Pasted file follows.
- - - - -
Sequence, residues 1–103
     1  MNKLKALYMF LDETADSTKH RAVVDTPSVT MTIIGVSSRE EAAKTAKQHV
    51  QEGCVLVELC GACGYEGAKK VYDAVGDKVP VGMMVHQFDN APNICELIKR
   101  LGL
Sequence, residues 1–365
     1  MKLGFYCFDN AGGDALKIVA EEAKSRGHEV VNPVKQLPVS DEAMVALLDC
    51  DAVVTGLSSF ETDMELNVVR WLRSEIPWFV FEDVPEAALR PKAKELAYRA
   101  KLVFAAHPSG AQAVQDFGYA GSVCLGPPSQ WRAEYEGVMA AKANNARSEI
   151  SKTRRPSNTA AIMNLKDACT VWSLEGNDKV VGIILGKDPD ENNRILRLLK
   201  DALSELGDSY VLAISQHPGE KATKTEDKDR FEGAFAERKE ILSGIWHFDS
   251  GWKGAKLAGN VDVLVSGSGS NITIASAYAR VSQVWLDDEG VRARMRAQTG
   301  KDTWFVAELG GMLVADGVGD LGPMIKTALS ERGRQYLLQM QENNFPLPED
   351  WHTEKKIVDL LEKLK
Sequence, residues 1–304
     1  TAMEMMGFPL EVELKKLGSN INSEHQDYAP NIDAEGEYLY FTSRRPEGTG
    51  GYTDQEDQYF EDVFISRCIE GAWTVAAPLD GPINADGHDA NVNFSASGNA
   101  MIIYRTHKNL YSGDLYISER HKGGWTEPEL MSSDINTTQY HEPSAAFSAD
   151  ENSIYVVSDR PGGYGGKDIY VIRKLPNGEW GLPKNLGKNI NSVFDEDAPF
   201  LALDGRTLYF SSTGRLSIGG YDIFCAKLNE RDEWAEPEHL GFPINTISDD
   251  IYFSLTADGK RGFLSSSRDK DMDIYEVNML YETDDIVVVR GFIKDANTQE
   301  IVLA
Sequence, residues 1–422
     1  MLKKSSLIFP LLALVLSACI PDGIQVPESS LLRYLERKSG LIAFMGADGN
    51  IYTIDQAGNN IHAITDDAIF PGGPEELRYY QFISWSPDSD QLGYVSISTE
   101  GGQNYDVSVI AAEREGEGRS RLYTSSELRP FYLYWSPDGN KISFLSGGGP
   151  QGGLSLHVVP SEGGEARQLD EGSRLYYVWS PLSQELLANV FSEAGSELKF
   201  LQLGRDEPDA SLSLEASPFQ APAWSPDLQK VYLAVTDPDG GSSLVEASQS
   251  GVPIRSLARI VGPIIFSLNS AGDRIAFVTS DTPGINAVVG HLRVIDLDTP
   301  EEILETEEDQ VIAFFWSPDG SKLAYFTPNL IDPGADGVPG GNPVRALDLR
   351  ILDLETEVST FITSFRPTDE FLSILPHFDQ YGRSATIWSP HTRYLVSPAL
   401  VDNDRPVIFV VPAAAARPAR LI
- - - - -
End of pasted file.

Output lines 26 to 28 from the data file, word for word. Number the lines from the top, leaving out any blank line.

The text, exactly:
   151  QGGLSLHVVP SEGGEARQLD EGSRLYYVWS PLSQELLANV FSEAGSELKF
   201  LQLGRDEPDA SLSLEASPFQ APAWSPDLQK VYLAVTDPDG GSSLVEASQS
   251  GVPIRSLARI VGPIIFSLNS AGDRIAFVTS DTPGINAVVG HLRVIDLDTP